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Jaco's a good bet
By Neville Leck Last updated: 26th February 2013
If winning majors is going to count the most, Northern Ireland's Darren Clark and New Zealand's Michael Campbell will be the men to beat in this week's inaugural Tshwane Open.
But if current form and local knowledge is going to be the major criterion at the sparkling new Ernie Els Club at the Copperleaf Golf & Country Estate at Centurion outside of Pretoria, you might want to look to locals like Jaco van Zyl and Darren Fichardt to bring home the bacon and give South Africa a fifth victory in the sixth and final European Tour event to be played inside its borders this season.
Clarke, the 2011 Open winner and a Ryder Cup hero of old, will be seeking to add a second victory to his South African first at the Dimension Data Pro-Am 12 years ago, while Campbell, the 2005 US Open Champion has been sending out some solid signals that his nightmarish and well-documented slump is a thing of the past.
He was a strong, final-round contender in both the UBS Hong Kong Open towards the end of last season and the Commercial Bank Qatar Masters last month.
Neither Clarke now Campbell have won a European Tour event in South Africa, but winning Tour titles is nothing new to them. Between the two, they have picked up a total of 22.
Pretoria-born and raised Van Zyl, on the other hand, is still looking for his first European Tour victory, but after his second-place finish behind Fichardt in the Africa Open earlier this month and his 11th Sunshine Tour victory last week in the Dimension Data Pro-Am, he's hoping to come out at Copperleaf on Thursday with all guns blazing
"I've been getting better every week, and now I'm really looking forward to the Tshwane Open.
"To go there on the back of a win gives me great confidence that I can get my first victory on The European Tour," the europeantour.com reported him as saying after his one-shot win over England's Daniel Brooks on Sunday.
Fichardt, currently 17th in The Race to Dubai, is another local favourite who is unlikely to be short of confidence this week
The most recent winner of the four South Africans who have won European Tour events in the Republic this season - the others are Charl Schwartzel (the Alfred Dunhill Championship), Louis Oosthuizen (the Volvo Golf Champions) and Richard Sterne (the Joburg Open) - Fichardt, is seeking to capture his fifth European Tour title this week - and with most of his country's biggest guns in the US right now, building up for the up-coming Masters, he has every reason to believe that his chances are good.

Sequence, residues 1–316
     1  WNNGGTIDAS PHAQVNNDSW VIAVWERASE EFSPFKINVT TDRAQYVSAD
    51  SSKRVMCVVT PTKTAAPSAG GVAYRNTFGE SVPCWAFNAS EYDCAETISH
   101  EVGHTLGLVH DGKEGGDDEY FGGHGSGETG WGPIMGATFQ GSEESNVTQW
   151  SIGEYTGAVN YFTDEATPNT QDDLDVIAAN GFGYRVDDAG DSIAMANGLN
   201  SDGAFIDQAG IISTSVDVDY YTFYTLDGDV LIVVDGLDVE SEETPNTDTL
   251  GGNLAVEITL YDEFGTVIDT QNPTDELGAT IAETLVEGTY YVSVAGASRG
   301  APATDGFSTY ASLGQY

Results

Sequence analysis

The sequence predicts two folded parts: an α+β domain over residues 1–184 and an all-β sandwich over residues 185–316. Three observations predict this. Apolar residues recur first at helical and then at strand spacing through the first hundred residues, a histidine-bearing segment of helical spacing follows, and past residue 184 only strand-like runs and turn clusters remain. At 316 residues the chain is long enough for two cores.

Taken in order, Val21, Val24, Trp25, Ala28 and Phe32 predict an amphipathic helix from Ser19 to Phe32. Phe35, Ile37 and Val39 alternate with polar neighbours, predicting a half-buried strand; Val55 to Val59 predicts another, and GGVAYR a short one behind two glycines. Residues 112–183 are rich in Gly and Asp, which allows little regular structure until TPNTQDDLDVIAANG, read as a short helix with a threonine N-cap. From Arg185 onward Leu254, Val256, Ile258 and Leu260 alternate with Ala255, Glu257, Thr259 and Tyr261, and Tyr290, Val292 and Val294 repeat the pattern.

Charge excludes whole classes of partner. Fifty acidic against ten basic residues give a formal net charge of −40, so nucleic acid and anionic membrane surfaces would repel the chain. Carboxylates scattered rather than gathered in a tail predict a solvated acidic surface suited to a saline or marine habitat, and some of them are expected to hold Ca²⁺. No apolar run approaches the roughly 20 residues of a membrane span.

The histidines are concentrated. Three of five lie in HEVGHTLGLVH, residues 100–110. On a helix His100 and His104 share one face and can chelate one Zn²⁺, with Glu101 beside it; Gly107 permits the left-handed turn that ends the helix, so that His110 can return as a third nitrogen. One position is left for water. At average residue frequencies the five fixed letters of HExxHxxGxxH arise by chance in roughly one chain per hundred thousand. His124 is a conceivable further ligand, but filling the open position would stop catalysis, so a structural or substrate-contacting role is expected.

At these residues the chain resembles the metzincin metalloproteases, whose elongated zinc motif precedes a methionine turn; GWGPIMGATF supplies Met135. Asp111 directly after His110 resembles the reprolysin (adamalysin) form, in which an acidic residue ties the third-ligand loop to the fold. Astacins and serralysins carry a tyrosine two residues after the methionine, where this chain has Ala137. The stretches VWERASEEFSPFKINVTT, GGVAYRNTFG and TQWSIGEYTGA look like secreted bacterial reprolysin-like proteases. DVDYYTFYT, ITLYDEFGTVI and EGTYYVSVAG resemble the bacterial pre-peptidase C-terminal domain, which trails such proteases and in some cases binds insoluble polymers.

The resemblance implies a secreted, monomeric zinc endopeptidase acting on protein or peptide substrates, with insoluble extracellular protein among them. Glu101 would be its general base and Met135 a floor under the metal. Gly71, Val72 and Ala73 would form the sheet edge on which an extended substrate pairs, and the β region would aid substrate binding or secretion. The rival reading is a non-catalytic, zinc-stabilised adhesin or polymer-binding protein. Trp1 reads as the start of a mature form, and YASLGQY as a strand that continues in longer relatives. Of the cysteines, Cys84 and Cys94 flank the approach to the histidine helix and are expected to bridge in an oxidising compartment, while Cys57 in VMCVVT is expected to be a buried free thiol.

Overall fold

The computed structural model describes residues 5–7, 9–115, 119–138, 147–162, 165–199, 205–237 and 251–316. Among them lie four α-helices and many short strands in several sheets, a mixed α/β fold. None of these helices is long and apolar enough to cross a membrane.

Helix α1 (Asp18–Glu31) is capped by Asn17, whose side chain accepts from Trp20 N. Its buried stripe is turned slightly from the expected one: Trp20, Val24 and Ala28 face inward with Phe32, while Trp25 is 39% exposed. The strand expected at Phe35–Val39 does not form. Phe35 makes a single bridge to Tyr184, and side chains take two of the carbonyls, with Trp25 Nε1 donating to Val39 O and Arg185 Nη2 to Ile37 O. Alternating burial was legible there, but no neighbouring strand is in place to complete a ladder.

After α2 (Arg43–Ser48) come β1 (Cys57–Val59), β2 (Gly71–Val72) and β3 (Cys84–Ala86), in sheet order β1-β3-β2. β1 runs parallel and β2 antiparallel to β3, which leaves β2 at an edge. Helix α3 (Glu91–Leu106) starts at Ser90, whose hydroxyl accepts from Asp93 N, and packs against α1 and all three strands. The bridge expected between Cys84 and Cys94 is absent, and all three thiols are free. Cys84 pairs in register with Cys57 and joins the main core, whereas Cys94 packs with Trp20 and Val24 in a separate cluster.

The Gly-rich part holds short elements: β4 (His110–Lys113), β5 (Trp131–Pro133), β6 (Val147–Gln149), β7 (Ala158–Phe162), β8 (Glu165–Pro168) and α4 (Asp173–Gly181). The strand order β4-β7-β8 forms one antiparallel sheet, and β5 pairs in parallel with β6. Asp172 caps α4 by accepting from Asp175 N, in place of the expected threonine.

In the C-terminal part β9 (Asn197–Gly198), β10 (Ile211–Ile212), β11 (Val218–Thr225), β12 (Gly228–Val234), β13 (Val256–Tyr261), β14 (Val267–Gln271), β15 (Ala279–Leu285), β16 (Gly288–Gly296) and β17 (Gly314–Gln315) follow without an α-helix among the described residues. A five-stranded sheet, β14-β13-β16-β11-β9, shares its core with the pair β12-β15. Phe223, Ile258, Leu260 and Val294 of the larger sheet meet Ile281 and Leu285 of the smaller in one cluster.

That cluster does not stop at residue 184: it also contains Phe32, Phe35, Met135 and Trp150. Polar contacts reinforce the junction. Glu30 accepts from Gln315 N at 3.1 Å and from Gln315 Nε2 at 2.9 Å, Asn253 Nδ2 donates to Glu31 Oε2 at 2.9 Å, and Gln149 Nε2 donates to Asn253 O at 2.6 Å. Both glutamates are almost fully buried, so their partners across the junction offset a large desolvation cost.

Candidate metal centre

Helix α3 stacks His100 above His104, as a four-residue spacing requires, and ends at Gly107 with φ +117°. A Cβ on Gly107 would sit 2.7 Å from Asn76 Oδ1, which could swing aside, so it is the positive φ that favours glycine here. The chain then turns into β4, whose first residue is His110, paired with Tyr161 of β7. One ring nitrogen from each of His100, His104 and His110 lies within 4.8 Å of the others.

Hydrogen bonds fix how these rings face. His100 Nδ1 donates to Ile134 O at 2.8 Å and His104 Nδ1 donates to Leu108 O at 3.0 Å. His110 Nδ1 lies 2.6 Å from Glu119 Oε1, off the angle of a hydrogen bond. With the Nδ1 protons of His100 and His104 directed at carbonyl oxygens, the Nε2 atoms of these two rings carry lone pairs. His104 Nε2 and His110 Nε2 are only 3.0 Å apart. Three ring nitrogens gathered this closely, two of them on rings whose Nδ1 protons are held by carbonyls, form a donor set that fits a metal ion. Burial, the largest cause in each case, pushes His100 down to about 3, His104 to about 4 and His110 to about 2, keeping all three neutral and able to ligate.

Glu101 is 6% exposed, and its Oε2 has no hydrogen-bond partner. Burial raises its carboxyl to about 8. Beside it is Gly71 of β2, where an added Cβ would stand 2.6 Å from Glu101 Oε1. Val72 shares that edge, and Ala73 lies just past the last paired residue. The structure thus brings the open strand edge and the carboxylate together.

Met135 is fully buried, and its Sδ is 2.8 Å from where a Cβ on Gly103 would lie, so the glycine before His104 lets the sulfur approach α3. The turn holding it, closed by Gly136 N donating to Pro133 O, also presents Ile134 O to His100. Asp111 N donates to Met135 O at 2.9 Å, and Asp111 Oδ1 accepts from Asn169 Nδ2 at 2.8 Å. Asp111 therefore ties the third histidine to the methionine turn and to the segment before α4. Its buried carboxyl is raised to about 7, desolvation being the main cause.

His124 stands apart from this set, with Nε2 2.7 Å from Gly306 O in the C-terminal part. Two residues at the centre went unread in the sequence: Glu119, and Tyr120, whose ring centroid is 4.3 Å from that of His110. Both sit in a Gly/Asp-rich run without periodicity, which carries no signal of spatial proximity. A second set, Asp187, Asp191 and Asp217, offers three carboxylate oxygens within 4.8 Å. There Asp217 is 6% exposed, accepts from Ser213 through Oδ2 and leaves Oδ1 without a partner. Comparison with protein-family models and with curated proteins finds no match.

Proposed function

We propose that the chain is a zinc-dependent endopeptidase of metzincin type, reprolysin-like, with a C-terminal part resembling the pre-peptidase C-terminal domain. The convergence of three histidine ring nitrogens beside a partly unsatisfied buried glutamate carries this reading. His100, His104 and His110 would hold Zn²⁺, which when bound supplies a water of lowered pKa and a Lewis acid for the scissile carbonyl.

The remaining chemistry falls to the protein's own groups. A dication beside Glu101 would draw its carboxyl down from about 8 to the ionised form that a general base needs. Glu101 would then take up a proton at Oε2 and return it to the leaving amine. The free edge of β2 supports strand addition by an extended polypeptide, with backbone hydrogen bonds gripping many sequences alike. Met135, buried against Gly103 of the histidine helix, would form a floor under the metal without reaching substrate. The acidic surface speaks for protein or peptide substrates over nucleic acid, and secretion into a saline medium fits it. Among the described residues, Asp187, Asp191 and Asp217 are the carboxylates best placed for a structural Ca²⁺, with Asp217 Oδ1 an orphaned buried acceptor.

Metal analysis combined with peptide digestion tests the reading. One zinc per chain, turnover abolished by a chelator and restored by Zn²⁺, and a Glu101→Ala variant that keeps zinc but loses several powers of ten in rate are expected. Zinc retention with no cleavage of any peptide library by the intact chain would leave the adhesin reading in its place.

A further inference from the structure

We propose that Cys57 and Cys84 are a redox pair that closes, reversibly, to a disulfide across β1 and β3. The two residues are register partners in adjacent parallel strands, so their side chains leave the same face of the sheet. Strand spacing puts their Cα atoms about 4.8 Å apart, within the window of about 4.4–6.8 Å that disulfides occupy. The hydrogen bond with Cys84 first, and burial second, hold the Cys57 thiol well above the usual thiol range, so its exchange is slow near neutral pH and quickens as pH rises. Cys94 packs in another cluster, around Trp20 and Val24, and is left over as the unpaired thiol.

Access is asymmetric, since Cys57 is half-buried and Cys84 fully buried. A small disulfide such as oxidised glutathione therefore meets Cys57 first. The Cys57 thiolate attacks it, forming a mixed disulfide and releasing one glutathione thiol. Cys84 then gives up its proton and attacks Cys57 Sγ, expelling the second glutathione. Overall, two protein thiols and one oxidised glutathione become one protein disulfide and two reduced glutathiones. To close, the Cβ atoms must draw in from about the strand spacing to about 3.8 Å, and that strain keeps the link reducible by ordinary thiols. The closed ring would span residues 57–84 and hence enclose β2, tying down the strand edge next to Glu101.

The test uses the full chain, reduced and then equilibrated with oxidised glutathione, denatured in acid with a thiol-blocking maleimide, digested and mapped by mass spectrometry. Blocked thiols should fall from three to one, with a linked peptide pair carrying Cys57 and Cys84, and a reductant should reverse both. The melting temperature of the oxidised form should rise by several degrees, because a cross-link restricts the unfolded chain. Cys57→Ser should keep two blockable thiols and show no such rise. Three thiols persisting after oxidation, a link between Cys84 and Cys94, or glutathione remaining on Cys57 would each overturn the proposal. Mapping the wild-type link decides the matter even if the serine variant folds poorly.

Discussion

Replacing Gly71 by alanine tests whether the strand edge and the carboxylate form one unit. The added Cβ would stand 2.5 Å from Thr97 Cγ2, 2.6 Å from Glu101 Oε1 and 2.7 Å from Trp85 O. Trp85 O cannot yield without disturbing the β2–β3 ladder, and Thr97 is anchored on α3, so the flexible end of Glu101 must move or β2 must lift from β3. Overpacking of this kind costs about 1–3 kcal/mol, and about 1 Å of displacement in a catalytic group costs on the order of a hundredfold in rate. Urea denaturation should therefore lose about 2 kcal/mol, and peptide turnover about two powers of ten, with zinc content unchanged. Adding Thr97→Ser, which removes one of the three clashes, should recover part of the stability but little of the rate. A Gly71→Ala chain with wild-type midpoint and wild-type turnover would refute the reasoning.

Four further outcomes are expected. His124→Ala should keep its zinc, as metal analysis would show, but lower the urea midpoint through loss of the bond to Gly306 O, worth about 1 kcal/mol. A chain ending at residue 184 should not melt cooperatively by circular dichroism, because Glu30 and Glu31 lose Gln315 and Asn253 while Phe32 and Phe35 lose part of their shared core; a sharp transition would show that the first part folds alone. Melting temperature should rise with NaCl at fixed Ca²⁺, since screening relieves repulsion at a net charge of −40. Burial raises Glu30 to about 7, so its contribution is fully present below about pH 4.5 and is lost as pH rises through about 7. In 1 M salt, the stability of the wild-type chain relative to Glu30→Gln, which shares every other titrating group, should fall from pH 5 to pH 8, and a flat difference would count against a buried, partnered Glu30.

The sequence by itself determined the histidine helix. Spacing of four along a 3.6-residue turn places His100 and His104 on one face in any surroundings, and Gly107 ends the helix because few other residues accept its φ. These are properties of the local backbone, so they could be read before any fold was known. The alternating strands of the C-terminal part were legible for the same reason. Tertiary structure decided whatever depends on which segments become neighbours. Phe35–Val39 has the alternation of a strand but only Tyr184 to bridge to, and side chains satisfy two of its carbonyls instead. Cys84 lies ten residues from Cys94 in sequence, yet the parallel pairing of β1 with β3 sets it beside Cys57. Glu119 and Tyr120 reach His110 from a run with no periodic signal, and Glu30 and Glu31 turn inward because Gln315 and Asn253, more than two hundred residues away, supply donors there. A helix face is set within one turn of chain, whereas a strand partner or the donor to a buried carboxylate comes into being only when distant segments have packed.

Mind you, winning on a course that stretches up to a long 7 791 yards is not going to be easy for anybody.
Not against a field that includes a potent mix of oversees invaders and home-grown aspirants that along with Van Zyl and Fichardt, include Thomas Aiken, Garth Mulroy and Hennie Otto.
Tour winners all, the overseas visitors include the likes of Joost Luiten of the Netherlands, Denmark's Søren Keelson, India's Jeev Milkha Sing, Italy's Edoardo Molinari, Ireland's Michael Hoey, Spain's Pablo Larrazabal and England's Steve Webster, Robert Rock, Tom Lewis, Simon Dyson, Oliver Fisher and David Horsey.
Also back in action this week is Danny Willett, who has yet to win but has been making waves on Tour leader-boards all year.
Newcomers in the field looking to spark successful Tour careers are three of the Challenge Tour stars of last year, three-time winner Kristoffer Broberg of Sweden, Norway's Espen Kofstad and England's Gary Lockerbie.
The bookies? How do they see it?
If you go to bettingzone.oddschecke you'll see that at odds that vary between 12 and 14 to one, Van Zyl is their clear-cut favourite.
Aiken and Mulroy share second place at 18/1 with Fichardt and Englishman Steve Webster and Simon Dyson the next best at odds in the low 20s to one.
And the weather?
Don't expect perfect sunny days. Golfweather.com says there could be afternoon thunderstorms with a 30 per cent chance of rain on each of the four days, so while there may be some delays for lightening, neither the event nor the players are expected to take too much strain.
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